Accelerating regenerative dairy farming

Farmers do not receive sufficient premiums from the value chain, including consumers, supermarkets, and cooperatives, to stimulate a transition to regenerative agriculture. Photo: Canva
Farmers do not receive sufficient premiums from the value chain, including consumers, supermarkets, and cooperatives, to stimulate a transition to regenerative agriculture. Photo: Canva

Regenerative agriculture aims to provide a way to adapt to a changing climate by regenerating landscapes while meeting the social and economic needs of farmers and their communities, that is, balancing the interests of farmers, society and the environment. This report, which is based on several studies, highlights how to accelerate the adoption of regenerative dairy farming.

In brief, regenerative agriculture focuses on soil conservation to regenerate ecosystem services in line with nature-inclusive farming, also aiming to achieve economic and social sustainability in the face of changing climate conditions. Researchers find that dairy done well and regeneratively supports one or more of the following regenerative farming principles:

  • Livestock integration
  • Minimising soil disturbance
  • Protecting soil surface and maintaining living roots
  • Encouraging plant diversity or balanced ecosystems


Accelerating regenerative dairy farming starts with understanding the possible barriers to its adoption. Using the Dutch dairy farming sector, in a recent study published in the Journal of Agricultural Systems, researchers fromUtrecht University identified barriers that hinder what they called ‘nature-inclusive’ dairy farming.

The researchers identified 5 key blocking mechanisms that hinder the adoption of nature-inclusive agriculture in the Dutch dairy sector:

  • Insufficient economic incentives for farmers
  • Limited action perspective or motivation for adoption
  • Lack of a concrete and shared vision for a regenerative agriculture system
  • Lack of nature-inclusive-specific and integral knowledge
  • The influence of the dominant agri-food regime on the innovation system for nature-inclusive agriculture, which is connected to each of the other mechanisms.

Accelerating regenerative farming

Fostering a common understanding

In their study published in Frontiers in Sustainable Food Systems, researchers found that understanding the meaning of regenerative agriculture is the first step to its adoption as wide variance in the definitions used may lead to uncertainty about what different actors or policymakers mean when they talk about regenerative agriculture.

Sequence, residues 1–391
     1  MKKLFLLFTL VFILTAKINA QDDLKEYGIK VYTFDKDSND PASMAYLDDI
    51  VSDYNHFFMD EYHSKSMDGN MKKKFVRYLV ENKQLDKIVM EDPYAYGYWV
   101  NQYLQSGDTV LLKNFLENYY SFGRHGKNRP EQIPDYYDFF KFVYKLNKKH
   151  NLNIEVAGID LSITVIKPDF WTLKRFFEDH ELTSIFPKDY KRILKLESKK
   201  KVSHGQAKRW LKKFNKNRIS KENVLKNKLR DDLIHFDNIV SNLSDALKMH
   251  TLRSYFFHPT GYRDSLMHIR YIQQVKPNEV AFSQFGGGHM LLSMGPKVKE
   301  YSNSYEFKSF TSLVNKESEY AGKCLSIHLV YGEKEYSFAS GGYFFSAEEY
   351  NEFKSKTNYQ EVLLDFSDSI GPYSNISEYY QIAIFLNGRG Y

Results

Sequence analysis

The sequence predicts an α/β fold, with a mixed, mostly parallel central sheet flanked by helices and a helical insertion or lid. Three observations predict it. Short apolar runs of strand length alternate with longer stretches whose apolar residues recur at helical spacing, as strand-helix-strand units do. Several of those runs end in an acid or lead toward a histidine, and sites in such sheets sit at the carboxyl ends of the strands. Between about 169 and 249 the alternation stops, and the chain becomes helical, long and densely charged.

They suggested that it’s helpful for individual users of the term ‘regenerative agriculture’ to define it comprehensively for their purpose and context; common understanding is crucial for implementing policies, including certification programs and payments for carbon sequestration programs, they said.

Supply chain support and market premiums

It was found that incentives from the supply chain could help foster the adoption of regenerative dairy farming, however, ‘stacking’ multiple incentives or subsidies from different sources that are sometimes available (e.g., from government agencies, the supply chain or nature protection organisations) is difficult to coordinate.

In addition, the market’s focus on export and the lack of markets for ecosystem services provided by, for example, nature-inclusive dairy farming discourages farmers from adopting the system. In the Dutch dairy sector, it was found that the benefits that nature-inclusive agriculture provides, such as higher biodiversity levels, improved water quality and carbon sequestration, are not captured in current market prices or financial incentives.

On the other hand, efforts by the dairy industry and civil society designed to develop labels and certification of nature-inclusive practices are ideal, but such labels also include a price premium of which there is a lack of willingness from supermarkets to pay — a major barrier to the development of markets for nature-inclusive dairy.

Increasing financial incentives

The lack of a business case for regenerative agriculture and insufficient economic incentives for farmers negatively influence the system functions of resource mobilisation and entrepreneurial activity. Farmers do not receive sufficient premiums from the value chain (Figure 1), including consumers, supermarkets, and cooperatives, to stimulate a transition to regenerative agriculture; farmers are price takers given the export orientation of the sector.